Given that London's existence and until this century, much of its success, can be attributed to the Thames, it is no coincidence that the lives of its inhabitants have been intimately linked to the water. In the Tate Thames Dig this is reflected in the discoveries from the two sites, displayed by location in a double-sided old-fashioned mahogany cabinet, alongside photographs of the beachcombers, and tidal flow charts. Crowded with treasures and curiosities in apparently arbitrary and unexpected arrangements, the viewer is left free to make an individual journey of discovery. The potency of these objects lies in their associations; the gallery being transformed into a repository of lost history, fantasies and remembered lives.
Sherds of Delft pottery, bone and glass lie side by side. A Pret a Manger soy sauce bottle in the shape of a fish sits comfortably next to a fossilised sea urchin. An assortment of nails confirms the presence of London's first shipyards established during the reign of Henry VIII, whereas a sinister wax effigy hints at a continuing tradition of offering to river gods. Here, the conventions of museum display are turned upside down to reveal the human element in scientific analysis -a process that often adopts a cold and impersonal façade. These conventions were formalised in the nineteenth century, coinciding with the development of the theory of evolution and the Victorian progressive ideal of presenting history in a linear order of increasing complexity.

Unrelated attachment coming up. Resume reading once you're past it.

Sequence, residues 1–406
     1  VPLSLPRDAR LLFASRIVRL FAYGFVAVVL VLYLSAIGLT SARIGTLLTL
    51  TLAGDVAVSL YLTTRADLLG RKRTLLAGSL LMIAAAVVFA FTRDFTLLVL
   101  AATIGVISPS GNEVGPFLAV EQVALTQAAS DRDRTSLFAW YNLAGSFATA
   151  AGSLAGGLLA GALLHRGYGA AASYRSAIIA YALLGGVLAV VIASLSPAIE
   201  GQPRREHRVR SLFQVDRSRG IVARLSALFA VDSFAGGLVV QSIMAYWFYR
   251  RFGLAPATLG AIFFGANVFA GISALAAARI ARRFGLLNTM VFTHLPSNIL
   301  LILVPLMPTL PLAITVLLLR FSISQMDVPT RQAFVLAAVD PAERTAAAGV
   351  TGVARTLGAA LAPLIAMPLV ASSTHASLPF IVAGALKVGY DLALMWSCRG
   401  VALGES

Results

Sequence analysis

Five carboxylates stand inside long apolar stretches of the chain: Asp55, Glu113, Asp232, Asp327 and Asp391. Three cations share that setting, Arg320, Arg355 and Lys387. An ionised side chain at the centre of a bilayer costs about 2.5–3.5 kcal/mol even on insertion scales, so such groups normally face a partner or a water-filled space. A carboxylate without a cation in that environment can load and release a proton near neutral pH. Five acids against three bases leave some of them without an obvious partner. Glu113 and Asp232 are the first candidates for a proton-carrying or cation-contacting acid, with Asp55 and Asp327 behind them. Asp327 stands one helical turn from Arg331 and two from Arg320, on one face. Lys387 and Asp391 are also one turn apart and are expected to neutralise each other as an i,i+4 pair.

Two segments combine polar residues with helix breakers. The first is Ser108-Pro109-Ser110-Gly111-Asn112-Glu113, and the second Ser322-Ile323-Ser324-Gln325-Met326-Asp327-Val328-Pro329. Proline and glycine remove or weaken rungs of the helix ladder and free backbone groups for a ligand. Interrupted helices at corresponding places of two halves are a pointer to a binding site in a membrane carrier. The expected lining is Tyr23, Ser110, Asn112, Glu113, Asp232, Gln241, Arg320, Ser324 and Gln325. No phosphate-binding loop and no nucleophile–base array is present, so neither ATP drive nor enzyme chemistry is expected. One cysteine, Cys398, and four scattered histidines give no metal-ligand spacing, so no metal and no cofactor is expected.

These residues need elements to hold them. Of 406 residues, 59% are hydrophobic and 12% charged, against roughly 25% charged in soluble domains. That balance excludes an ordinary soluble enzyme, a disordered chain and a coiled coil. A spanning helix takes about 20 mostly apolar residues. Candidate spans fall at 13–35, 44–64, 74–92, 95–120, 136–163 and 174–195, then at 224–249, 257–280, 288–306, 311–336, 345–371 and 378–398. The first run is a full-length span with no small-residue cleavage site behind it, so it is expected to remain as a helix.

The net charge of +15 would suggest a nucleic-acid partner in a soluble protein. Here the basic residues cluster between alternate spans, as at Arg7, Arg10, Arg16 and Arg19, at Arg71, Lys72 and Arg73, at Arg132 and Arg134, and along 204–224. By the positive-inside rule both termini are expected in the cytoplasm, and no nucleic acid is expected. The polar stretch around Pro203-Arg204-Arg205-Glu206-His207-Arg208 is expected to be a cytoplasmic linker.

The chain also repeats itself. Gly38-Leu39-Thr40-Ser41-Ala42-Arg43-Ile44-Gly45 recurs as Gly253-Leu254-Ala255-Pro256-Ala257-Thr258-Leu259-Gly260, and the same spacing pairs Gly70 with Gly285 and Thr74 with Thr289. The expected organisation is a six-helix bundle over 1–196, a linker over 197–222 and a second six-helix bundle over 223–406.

Dion is influenced by the writings of the contemporary evolutionary theorist Stephen Jay Gould, who points out that all taxonomic systems are rooted within our social structures. By adopting the role of the archaeologist and re-enacting the very processes of traditional scientific research, Dion investigates the premises upon which these activities are based. In contrast, he proposes a broader exploration of the natural sciences; a reworking of orthodox procedures of collecting, identifying and classifying to suggest a more poetic and open-ended approach to interpretation.
Like a good detective, Dion revels in seeing beyond individual fragments to recognise larger patterns; making connections between often seemingly unrelated objects and events. Through the careful juxtaposition of the finds from the Tate Thames Dig, Dion creates new layers of meaning, linking our thoughts to the constructions of the past and choices for the future. True to the idea that the proper study of mankind is man, Dion leads us through the byways of natural history and comparative anatomy to bring us back time and time again to see ourselves, illuminated by this new and deeper knowledge, and to reassess our position within the current order of things.
Text written by Clarrie Wallis
Born New Bedford, Massachusetts Lives in Beach Lake, Pennsylvania.